|This article needs additional citations for verification. (June 2012)|
|Motto||Lux, Poesis, Veritas, Pax, Amor Eruditionis
(Light, Poetry, Truth, Peace, and Love of Knowledge)
|Affiliation||Secular, Historically Quaker|
|Endowment||US$80 million |
|President||Sharon D. Herzberger|
|Location||Whittier, CA, USA|
|Campus||Suburban, 74 acres (30 ha)|
|Colors||Purple & Gold|
|Affiliations||NCAA Division III; SCIAC|
||This section appears to be written like an advertisement. (October 2014)|
Whittier College is one of the more diverse liberal arts colleges in the country, serving students not only of different ethnic and geographic backgrounds, but also of a wide range of socioeconomic backgrounds. About one-third of Whittier's student body is Latino, and approximately twenty-five percent of the professors are minorities or are from foreign countries. A majority of the student body hails from California, Hawaii, and the Pacific Northwest, but the college also draws a significant number of students from the East Coast and the Midwest as well as a small percentage of overseas students. As of 2012, there are students from 28 states and 14 countries.
With more than 30 majors and 30 minors offered in 23 disciplines, Whittier's liberal arts curriculum sets high emphasis on interdisciplinary learning. Students may also apply for entry into the Whittier Scholars Program, in which each student, under the guidance of a faculty member, designs his or her own major and course of study based on individual interests and career goals. Also emphasized is learning beyond traditional classroom or lecture style of teaching; for example, professional internships and service projects are required or recommended as part of many academic programs. Study abroad is encouraged in semester- or year-long affiliated programs, and many students take advantage of Whittier's popular January Interim session, which is a four-week intensive "mini-semester" that typically involves fieldwork and faculty-led international travel.
Whittier College's Faculty Masters Program, modeled after similar programs at Oxford and Cambridge universities, delivers another optional learning experience for students. In this program, three faculty are selected as faculty-in-residence for a multi-year term, live in houses located on-campus, and create and host in their homes educational and social programs around a specific theme, such as health and society, writers and writing, alumni connections, and Spanish culture. Events feature noteworthy professionals—from artists to authors, musicians and entrepreneurs, politicians and scientists—and enable students to interact with, listen to, and often dine with an invited speaker. Recent guest participants in this program include world-class authors Maxine Hong Kingston and Ray Bradbury, and filmmaker Morgan Spurlock.
Regarding life on campus, Whittier College has approximately 90 registered, student-run organizations and clubs. The college also has four local fraternities (called "societies"): The Franklin Society, the Lancer Society, the Orthogonian Society, and the William Penn Society; as well as five local sororities: the Palmer Society, The Ionian Society, the Metaphonian Society, the Thalian Society, and the Athenian Society; and one co-ed society, the Sachsen Society. Each of these societies began as literary societies. The Orthogonian Society was co-founded by Richard Nixon in 1930.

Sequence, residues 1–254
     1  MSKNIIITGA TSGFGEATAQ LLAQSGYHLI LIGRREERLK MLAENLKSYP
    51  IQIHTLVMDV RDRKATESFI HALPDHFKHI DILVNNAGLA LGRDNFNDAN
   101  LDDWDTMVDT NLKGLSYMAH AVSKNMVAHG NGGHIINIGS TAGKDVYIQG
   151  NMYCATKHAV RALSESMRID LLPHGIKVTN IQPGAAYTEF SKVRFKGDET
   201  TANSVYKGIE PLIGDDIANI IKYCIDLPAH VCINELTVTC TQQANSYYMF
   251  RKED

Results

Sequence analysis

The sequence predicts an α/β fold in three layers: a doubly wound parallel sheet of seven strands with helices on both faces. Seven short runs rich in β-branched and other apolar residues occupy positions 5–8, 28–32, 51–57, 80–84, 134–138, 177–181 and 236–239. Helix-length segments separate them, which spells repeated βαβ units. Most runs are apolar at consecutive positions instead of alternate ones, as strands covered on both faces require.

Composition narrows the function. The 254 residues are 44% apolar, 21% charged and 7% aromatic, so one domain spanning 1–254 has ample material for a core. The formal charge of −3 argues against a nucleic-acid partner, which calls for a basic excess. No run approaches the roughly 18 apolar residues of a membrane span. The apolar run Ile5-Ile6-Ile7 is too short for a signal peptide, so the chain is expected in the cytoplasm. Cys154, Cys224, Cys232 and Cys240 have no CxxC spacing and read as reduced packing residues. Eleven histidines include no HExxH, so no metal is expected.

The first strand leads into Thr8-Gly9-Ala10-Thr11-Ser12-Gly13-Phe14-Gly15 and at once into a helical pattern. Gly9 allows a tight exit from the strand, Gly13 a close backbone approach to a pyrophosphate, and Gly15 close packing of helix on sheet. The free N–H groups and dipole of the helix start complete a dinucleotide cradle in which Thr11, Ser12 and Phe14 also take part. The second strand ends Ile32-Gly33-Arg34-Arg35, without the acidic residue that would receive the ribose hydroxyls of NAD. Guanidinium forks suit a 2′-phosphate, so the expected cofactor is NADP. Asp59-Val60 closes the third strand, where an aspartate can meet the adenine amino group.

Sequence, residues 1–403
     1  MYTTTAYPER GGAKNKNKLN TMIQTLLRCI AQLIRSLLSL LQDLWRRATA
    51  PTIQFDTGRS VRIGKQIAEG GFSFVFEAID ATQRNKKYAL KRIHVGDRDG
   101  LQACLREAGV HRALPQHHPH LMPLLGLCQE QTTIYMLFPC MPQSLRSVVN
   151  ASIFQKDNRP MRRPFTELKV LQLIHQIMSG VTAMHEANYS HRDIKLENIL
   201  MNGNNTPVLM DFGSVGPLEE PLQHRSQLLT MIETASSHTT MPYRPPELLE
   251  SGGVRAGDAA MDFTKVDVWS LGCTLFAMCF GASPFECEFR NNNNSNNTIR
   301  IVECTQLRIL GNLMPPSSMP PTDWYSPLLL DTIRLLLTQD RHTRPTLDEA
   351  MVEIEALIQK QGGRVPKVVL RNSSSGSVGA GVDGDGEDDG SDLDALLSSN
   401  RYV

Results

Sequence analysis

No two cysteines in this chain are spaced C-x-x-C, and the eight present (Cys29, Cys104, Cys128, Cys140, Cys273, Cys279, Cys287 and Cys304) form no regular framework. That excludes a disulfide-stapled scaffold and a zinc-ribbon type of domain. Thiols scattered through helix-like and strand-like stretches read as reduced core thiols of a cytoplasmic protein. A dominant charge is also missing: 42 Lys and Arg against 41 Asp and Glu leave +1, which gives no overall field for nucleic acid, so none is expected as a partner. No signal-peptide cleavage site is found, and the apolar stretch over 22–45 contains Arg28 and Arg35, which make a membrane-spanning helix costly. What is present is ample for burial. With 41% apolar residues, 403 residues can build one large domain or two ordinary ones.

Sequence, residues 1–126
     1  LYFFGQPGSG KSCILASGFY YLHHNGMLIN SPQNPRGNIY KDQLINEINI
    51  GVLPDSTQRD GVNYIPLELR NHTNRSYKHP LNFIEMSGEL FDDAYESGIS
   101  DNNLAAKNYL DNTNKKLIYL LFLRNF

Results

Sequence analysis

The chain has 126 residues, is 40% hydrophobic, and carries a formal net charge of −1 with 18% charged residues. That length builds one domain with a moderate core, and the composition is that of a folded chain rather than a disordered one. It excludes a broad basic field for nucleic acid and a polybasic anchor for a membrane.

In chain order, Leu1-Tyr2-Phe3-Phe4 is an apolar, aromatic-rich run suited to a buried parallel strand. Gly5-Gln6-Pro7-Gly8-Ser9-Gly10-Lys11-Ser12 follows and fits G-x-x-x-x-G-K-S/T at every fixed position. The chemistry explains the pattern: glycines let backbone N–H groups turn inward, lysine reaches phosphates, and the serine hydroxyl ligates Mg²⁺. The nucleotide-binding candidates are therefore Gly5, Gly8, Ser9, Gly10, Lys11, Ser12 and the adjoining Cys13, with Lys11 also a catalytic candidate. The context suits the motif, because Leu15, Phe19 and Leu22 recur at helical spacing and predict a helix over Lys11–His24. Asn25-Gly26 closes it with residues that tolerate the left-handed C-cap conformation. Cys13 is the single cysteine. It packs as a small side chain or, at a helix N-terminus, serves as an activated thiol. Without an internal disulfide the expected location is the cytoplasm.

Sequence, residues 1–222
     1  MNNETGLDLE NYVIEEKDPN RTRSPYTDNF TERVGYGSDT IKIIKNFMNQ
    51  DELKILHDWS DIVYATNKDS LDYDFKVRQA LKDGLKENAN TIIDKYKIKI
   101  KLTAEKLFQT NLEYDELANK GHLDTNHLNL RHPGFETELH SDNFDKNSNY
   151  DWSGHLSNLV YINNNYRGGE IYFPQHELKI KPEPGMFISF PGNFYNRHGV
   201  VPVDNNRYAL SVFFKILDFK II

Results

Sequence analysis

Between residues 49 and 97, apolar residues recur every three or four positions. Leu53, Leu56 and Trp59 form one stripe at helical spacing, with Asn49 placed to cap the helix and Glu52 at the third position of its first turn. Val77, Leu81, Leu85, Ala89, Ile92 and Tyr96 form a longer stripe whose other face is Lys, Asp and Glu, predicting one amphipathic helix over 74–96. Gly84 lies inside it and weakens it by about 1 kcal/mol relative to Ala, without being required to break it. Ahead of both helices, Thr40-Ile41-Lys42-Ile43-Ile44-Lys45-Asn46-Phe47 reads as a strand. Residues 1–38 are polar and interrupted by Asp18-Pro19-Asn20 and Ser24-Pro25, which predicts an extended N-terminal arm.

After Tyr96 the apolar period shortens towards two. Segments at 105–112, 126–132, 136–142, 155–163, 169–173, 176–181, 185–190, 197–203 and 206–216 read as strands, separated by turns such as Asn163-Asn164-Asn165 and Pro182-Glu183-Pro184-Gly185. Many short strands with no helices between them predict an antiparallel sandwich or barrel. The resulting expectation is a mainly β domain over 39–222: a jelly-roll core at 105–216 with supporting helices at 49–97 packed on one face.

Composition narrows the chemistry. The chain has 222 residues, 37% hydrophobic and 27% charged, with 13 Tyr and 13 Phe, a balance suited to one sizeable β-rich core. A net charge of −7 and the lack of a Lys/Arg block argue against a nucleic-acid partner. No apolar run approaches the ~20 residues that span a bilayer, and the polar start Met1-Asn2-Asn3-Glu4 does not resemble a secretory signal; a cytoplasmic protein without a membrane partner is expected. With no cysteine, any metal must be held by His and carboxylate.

Other campus groups include the Artorian Order of the Knights of Pendragon (A.O.K.P.); the Spartans; student publications, the Quaker Campus and the Acropolis; and the student run radio station, KPOET radio.
Former U.S. president Richard Nixon remains the college's most well-known alumnus. Actress Andrea Barber, known from the television comedy Full House and author Jessamyn West, are notable alumnae. Another alumna of note is Susan Herrman, who, while an exchange student at Fisk University, was one of two white female "student Freedom riders" who sought to desegregate interstate bus travel in the South in 1961.
|This section requires expansion. (October 2012)|
The liberal arts university was founded in 1887 by members of the Religious Society of Friends, thanks to the generosity and efforts of local business leaders Washington Hadley and Aubrey Wardman. It was named after Friends (Quaker) poet John Greenleaf Whittier. Student athletes at Whittier College are still known as the Poets in his honor.
An event reminiscent of the famous alumnus occurred at Whittier in 2002 when an electronic bugging device was found in the office of the college newspaper, the Quaker Campus. The discovery quickly made headlines on the Drudge Report, the Student Press Law Center and other media outlets due to the similarity to the bugging of the Democratic National Headquarters in 1972 that brought down Nixon's presidency in the Watergate scandal.
|This section needs additional citations for verification. (October 2014)|
The Whittier College Poets compete in the Southern California Intercollegiate Athletic Conference (SCIAC) of NCAA Division III. The school has fielded sports teams for over 100 years. Its current teams include football, men’s and women’s basketball, cross country, soccer, swimming and diving, tennis, track and field, lacrosse and water polo; women’s softball and volleyball; and men’s baseball and golf.
The storied history of the Whittier College football program began in 1907, and since the inception of the Southern California Intercollegiate Athletic Conference in 1915, the Poets have captured 26 conference titles. From 1957–1964, Whittier won eight straight SCIAC titles under the direction of legendary coaches, George Allen (1951–56, 32-22-5), Don Coryell (1957–59), and John Godfrey (1960–1979). Their most recent championships came back-to-back in 1997 and 1998. 23 Poets have earned All-American honors, the most recent coming in 2007. The football program plays out of Newman Memorial Field, which seats 7,000.